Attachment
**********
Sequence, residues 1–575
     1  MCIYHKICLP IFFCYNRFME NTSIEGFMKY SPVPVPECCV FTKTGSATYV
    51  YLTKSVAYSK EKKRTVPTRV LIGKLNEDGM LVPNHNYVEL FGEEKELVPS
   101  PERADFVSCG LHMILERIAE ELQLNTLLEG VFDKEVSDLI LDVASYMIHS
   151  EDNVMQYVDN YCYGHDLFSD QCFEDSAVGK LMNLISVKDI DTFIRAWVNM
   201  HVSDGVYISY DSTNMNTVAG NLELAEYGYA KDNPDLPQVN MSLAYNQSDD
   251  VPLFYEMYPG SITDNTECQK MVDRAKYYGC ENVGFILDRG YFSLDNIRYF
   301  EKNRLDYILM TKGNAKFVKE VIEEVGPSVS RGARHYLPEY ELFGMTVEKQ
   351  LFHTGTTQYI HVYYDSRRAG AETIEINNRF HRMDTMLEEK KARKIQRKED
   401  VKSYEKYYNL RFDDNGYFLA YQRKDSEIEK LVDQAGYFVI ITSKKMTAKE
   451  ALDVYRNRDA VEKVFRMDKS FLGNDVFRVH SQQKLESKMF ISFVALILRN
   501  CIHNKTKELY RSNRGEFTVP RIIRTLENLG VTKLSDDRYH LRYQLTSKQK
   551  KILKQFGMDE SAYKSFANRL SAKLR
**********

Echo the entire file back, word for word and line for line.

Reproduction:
Sequence, residues 1–575
     1  MCIYHKICLP IFFCYNRFME NTSIEGFMKY SPVPVPECCV FTKTGSATYV
    51  YLTKSVAYSK EKKRTVPTRV LIGKLNEDGM LVPNHNYVEL FGEEKELVPS
   101  PERADFVSCG LHMILERIAE ELQLNTLLEG VFDKEVSDLI LDVASYMIHS
   151  EDNVMQYVDN YCYGHDLFSD QCFEDSAVGK LMNLISVKDI DTFIRAWVNM
   201  HVSDGVYISY DSTNMNTVAG NLELAEYGYA KDNPDLPQVN MSLAYNQSDD
   251  VPLFYEMYPG SITDNTECQK MVDRAKYYGC ENVGFILDRG YFSLDNIRYF
   301  EKNRLDYILM TKGNAKFVKE VIEEVGPSVS RGARHYLPEY ELFGMTVEKQ
   351  LFHTGTTQYI HVYYDSRRAG AETIEINNRF HRMDTMLEEK KARKIQRKED
   401  VKSYEKYYNL RFDDNGYFLA YQRKDSEIEK LVDQAGYFVI ITSKKMTAKE
   451  ALDVYRNRDA VEKVFRMDKS FLGNDVFRVH SQQKLESKMF ISFVALILRN
   501  CIHNKTKELY RSNRGEFTVP RIIRTLENLG VTKLSDDRYH LRYQLTSKQK
   551  KILKQFGMDE SAYKSFANRL SAKLR